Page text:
When I was 11, my basketball coach, who wasn’t much older than my teammates and I, walked the sideline of the small town community hall where we played, yelling and throwing his hands up in the air when we made a mistake or he disagreed with the referee’s call. A few years later when I played football in junior high school, my coach, a former lineman in college, would get in a three-point stance opposite you, snarl and jump off the line and thump you in the shoulder pads.
Both coaches had bigger than life personalities. They were brash, talked loud, and were full of themselves. I thought that’s how all coaches were meant to be, mini-versions of Vince Lombardi, the legendary coach of the Green Bay Packers, who won two Super Bowls in the late 1960s.
I assumed that’s just how it was, until I signed up for my high school cross country team. Our head coach was a stern, matter-of-fact man. He wanted the team to excel, but he talked more about character and discipline than wins and losses. He’d pile us in the bed of his pick-up truck—it was the early-1980s, we used to do things like that—drive a few miles up a steep mountain, pull off the side of some dirt and dusty back road, and tell us to get out and run up and down the next mountain for six or seven miles where he’d be there waiting for us.
We didn’t dare disagree, because we knew that that was our only way home. I remember thinking, “Umm, okay coach, whatever you say.”
A different approach
However, when the head coach was busy and couldn’t run practices, I was thrown-off by his assistant, Mr. Hardison. He wore glasses and was a soft-spoken man. He spent most of his time with the girls cross country team, but he would occasionally fill in for the head coach. He was a thin man, not much taller than me, and looked like he belonged behind an accountant’s calculator instead of a classroom lectern. He didn’t say a whole lot, he’d just tell us to stretch out and, when it was time to start running, he’d walk us to the starting line, the sidewalk below the student parking lot. He’d tell us the route we were running, usually a five or six mile run through the local neighborhood to a bridge or building that we were all familiar with, and the order of the staggered start. He wouldn’t lecture. He wouldn’t give us a fiery speech. He just told us to focus on our form and to try our best. He’d click start on his stopwatch and then point to you when it was your time to start running, that was that.
I’d race off knowing that Mr. Hardison would be there when I returned to write down my time on his clipboard. When you’d come huffing across the finish line, he didn’t yell or call you names. He’d simply take down your time.
I worried incessantly about my time and where I fit in with the rest of the team. I always wanted to do better, to cut another minute or two off my 5k time. I lacked confidence in my running and feared that I’d be left behind.
Mr. Hardison though believed in me. If he noticed a disappointed look on my face, he’d asked what was wrong and where I thought I could improve. The focus was always on appreciating the progress you had made to that point and honest self-reflection.
In the classroom
That was the extent of our relationship until my junior year of high school. I had taken Algebra II in tenth grade and barely survived. The Algebra II teacher was a math whiz, but he mumbled and he could never explain very well how he got his answer. He just assumed that if he could get it, you could too. He couldn’t seem to bring the math down to anyone else’s level. In the course of the year, he had managed to kill off whatever confidence I had in my math abilities.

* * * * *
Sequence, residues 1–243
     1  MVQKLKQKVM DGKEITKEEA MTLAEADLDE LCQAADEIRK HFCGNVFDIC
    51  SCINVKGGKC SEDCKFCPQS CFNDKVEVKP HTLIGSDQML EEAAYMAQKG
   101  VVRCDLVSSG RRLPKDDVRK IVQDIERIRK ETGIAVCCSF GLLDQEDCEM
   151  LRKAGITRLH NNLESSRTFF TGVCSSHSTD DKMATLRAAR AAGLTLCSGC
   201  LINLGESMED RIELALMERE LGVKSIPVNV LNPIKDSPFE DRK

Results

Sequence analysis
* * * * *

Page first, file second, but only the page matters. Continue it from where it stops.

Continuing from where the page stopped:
Prior to the start of eleventh grade, my guidance counselor suggested I step out of the honors class with all of my friends and take Trigonometry/Pre-Calculus with Mr. Hardison. While the class would keep my options open for my senior year and would still be fast-paced, I would have a chance to catch-up, strengthen my skills, and, more importantly, succeed.
I understood the counselor’s thinking, but I still felt crushed. I walked into the Trig class on the first day, feeling like I had failed. Mr. Hardison, though, would have none of that. He didn’t allow me to feel sorry for myself, he forced me right back up on the bicycle. He gave simple directions and plenty of homework—enough to keep you on your toes, there was no slacking off in his class, but not enough to overwhelm you. I cringed at the work, but I slowly started to get the hang of it. In time, success soon followed. Math made sense and I felt excited to go to class each day. In fact, I’ll go a step further, for the first time in my life, math was actually fun. Mr Hardison had somehow found a way to bring me back from the brink.
I ended up doing so well that when the year ended, I was asked back into the Calculus class for my senior year. (I probably should have read the warning signs and stopped while I was ahead. I would once again be back in class with the math teacher that I had in Algebra II and didn’t like, but that’s a story for another day.)
I graduated the following year and Mr. Hardison and I went our separate directions. He continued working as a math and technology teacher before retiring to spend time with his family. I moved away for college and later to start my career. I was saddened though this past January when I saw Mr. Hardison’s obituary in my hometown newspaper.
I hadn’t thought about Mr. Hardison in years, but as soon as I saw his picture, I was taken back to the blue and greenish painted hallways of my high school and reminded of how the quiet, soft-spoken teacher found a way to bring me back from the abyss. I’ve never been a school teacher. I’ve never stepped foot in front of a classroom, but I can’t think of a better compliment for a teacher than to know that they made a difference in a student’s life. Mr. Hardison made a difference in mine.
Thank you Mr. Hardison.